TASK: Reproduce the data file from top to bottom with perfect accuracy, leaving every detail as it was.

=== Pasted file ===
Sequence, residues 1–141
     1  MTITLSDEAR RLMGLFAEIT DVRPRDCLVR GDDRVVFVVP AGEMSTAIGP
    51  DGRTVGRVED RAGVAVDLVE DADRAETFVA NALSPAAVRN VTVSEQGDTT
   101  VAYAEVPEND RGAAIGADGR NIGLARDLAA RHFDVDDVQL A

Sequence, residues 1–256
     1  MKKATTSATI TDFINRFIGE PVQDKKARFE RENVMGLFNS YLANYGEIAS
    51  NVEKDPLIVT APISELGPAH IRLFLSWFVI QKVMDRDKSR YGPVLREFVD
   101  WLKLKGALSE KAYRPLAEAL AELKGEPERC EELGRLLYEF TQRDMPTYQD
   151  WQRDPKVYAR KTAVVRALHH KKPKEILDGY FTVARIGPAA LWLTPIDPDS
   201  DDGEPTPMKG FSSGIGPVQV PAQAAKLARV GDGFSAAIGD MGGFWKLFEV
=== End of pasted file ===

Sequence, residues 1–141
     1  MTITLSDEAR RLMGLFAEIT DVRPRDCLVR GDDRVVFVVP AGEMSTAIGP
    51  DGRTVGRVED RAGVAVDLVE DADRAETFVA NALSPAAVRN VTVSEQGDTT
   101  VAYAEVPEND RGAAIGADGR NIGLARDLAA RHFDVDDVQL A

Sequence, residues 1–256
     1  MKKATTSATI TDFINRFIGE PVQDKKARFE RENVMGLFNS YLANYGEIAS
    51  NVEKDPLIVT APISELGPAH IRLFLSWFVI QKVMDRDKSR YGPVLREFVD
   101  WLKLKGALSE KAYRPLAEAL AELKGEPERC EELGRLLYEF TQRDMPTYQD
   151  WQRDPKVYAR KTAVVRALHH KKPKEILDGY FTVARIGPAA LWLTPIDPDS
   201  DDGEPTPMKG FSSGIGPVQV PAQAAKLARV GDGFSAAIGD MGGFWKLFEV